Canteens, smoking areas, and other "spots of convergence" in workplaces were found to be sources of "great contamination" for the coronavirus, COVID-19 Task Force Chief Implementer Secretary Carlito Galvez Jr. said Thursday.
Workplaces, particularly in Metro Manila, Bulacan, Laguna, Cavite, and Rizal, were also guilty of a "great violation" of minimum health standards such as physical distancing, the chief implementer of the country's pandemic response strategy said.
"We saw that the most critical areas right now are the workplace, in what we call economic hubs," Galvez Jr. said during the launch of the One Hospital Command in Makati City.
"We have these kind of (coronavirus case) spikes and we saw that mass transport and common areas where our workers eat are very vulnerable," he added.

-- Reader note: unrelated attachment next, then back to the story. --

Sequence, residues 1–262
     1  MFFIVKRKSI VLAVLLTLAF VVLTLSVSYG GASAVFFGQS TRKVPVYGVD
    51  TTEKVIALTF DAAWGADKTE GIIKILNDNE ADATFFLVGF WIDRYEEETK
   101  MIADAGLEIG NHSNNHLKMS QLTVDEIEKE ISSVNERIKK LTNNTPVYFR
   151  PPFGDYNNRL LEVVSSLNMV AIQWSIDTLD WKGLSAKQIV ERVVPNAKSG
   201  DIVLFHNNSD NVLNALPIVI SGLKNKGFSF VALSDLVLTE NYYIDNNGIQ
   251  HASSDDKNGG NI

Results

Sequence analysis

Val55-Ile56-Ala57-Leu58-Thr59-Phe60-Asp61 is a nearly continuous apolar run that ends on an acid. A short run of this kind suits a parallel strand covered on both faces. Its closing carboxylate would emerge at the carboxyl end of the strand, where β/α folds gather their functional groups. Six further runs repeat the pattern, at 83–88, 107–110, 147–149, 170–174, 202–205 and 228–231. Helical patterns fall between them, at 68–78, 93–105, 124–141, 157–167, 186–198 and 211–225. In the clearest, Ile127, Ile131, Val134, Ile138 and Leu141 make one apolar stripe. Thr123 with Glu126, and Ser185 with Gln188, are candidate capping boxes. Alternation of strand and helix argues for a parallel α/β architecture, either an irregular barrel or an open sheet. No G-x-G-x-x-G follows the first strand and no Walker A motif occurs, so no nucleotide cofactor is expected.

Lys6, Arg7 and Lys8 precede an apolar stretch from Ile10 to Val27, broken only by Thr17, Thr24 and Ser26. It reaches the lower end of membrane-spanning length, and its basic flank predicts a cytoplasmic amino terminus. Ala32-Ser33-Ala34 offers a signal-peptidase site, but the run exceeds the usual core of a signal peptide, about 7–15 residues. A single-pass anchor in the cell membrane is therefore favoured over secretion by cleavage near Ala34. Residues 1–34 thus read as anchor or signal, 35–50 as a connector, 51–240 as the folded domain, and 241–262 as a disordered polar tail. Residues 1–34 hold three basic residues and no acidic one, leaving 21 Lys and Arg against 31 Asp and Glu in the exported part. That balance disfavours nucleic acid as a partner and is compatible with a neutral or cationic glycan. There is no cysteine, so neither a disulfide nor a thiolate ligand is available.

Workers also lacked orientation in terms of minimum health standards, Galvez said.
COVID-19 testing czar Vince Dizon said the government would use the current two-week strict lockdown that started August 3 to recalibrate its pandemic response strategy.
"We are strengthening testing and tracing in communities," he said at the same event.
In June, the government eased to a general community quarantine (GCQ) in most parts of the country to resuscitate the economy flattened by the pandemic.
COVID-19 infections, however, surged with the easing of lockdowns, with the Philippines tallying over 115,000 cases as of Wednesday.
The spike in infections prompted health workers to plead for a "time out," a call that President Rodrigo Duterte heeded by reverting the Metro Manila and the nearby four provinces to a stricter modified enhanced community quarantine (MECQ) for a fortnight.